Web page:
What’s it about?
The Himalayas, 1935.
Kangchenjunga. Third-highest peak on earth. Greatest killer of them all.
Five Englishmen set off from Darjeeling, determined to conquer the sacred summit. But courage can only take them so far – and the mountain is not their only foe.
As the wind dies, the dread grows. Mountain sickness. The horrors of extreme altitude. A past that will not stay buried.
And sometimes, the truth does not set you free.
This was our book club read for December and as we hadn’t read a ghost story I was strangely looking forward to being scared.
mmm well in that sense it was a tadge disappointing as it wasn’t scary at all. I’d had expectations of it keeping me awake at night or playing on my mind at other times of the day but it’s not that kind of ghost story. It is however very atmospheric and haunting in a sense that any place that that’s so white, silent, dangerous and desolate would be.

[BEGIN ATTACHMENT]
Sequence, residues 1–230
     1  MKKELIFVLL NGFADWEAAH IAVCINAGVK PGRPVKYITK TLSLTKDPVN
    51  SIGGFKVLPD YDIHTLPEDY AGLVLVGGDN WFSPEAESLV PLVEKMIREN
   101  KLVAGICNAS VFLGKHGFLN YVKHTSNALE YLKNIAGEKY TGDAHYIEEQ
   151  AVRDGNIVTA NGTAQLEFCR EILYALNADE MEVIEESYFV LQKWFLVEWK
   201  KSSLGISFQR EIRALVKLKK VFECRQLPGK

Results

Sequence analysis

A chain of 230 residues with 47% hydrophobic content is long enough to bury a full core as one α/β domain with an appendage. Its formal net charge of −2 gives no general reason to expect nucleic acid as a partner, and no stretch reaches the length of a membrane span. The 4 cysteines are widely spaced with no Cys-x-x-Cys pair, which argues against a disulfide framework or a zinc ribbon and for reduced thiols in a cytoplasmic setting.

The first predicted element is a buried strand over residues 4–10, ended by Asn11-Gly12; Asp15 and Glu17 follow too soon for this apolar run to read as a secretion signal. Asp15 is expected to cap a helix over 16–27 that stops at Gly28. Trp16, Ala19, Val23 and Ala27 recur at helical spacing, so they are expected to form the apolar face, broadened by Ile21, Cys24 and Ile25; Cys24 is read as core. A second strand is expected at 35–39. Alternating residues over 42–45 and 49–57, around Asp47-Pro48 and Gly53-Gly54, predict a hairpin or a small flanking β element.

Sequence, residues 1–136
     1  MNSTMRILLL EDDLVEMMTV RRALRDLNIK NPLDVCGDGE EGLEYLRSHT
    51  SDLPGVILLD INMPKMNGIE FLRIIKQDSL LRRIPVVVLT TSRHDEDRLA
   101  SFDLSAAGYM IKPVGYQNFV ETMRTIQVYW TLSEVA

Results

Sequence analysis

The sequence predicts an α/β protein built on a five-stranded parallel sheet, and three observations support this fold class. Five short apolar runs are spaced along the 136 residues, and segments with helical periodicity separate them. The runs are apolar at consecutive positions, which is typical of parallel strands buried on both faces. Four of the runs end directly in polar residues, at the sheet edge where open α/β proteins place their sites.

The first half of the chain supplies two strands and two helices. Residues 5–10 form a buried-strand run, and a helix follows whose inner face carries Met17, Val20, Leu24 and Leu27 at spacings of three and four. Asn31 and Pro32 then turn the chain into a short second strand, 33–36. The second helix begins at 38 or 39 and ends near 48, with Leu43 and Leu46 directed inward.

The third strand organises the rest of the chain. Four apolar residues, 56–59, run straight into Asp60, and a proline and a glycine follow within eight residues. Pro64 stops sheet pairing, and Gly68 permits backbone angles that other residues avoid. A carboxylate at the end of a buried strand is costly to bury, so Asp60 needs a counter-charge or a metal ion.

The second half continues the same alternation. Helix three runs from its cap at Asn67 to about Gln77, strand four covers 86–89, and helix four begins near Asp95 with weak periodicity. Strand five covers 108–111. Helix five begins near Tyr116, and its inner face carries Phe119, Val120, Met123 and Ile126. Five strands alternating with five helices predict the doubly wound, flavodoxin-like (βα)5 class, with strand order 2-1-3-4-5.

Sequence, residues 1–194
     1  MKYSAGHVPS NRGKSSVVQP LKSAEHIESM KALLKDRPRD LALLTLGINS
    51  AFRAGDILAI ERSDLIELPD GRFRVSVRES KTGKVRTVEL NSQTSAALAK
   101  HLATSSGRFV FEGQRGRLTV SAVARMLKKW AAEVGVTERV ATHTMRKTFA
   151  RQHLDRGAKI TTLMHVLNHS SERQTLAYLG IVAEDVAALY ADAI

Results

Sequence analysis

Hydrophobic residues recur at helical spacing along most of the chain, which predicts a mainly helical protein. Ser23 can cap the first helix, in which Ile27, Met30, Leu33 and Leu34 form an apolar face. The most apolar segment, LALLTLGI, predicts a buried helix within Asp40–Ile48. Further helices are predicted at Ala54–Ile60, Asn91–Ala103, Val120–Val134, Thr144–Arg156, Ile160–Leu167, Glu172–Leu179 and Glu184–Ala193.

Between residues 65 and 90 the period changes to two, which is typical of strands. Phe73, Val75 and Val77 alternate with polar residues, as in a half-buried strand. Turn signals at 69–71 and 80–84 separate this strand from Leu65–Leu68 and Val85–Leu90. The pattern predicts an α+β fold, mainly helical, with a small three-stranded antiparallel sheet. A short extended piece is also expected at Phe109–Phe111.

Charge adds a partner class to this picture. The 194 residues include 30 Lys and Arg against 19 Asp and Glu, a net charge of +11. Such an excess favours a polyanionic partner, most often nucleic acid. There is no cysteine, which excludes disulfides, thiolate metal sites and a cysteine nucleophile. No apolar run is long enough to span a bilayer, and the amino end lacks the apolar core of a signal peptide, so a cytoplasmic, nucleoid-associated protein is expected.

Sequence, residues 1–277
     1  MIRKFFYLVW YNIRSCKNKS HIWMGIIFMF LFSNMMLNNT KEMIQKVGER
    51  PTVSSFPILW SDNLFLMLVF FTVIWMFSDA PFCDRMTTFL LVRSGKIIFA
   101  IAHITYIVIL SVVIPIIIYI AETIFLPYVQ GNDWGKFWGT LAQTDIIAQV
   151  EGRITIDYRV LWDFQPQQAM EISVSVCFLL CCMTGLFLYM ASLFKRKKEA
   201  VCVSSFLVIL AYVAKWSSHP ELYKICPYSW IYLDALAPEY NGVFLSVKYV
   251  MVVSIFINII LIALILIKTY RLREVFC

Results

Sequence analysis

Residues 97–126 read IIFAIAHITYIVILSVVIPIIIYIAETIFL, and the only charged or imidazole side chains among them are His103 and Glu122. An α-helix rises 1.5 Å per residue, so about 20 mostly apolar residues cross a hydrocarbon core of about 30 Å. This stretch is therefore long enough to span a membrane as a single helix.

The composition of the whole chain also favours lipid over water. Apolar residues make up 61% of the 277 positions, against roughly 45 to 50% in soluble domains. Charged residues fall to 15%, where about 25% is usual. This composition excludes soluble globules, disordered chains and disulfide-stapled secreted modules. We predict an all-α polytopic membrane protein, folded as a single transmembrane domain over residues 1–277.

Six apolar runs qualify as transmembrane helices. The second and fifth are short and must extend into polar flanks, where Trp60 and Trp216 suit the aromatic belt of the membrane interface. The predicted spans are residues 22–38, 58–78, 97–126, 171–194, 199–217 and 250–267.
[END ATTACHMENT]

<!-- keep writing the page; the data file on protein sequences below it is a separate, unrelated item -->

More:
I appreciated the time that must have been spent on the research and the authenticity the book has, the historical aspects of climbing, the pain, the endurance, the equipment they had as this was all really interesting stuff. Some parts were even a little humourous; there’s a scene where they’re all taking tea at something like 15,000ft which seems somewhat absurd but so very British and of its time.
As I was reading I couldn’t stop picturing the movie Vertical Limit throughout even though that’s set in modern times but it just helped me visualise the difficulties and extremeness of the task they had set themselves.
Overall a good historical novel based on climbing but don’t go into it expecting to not be able to turn out the light at night – you’ll be fine!
As a side note, all the others in the group enjoyed the book also but comments were passed about the cost of the book (which was £10 on Amazon and someone paid £13 in Waterstones at the time of purchase in late November 2016).
Small print for info
No of pages: 240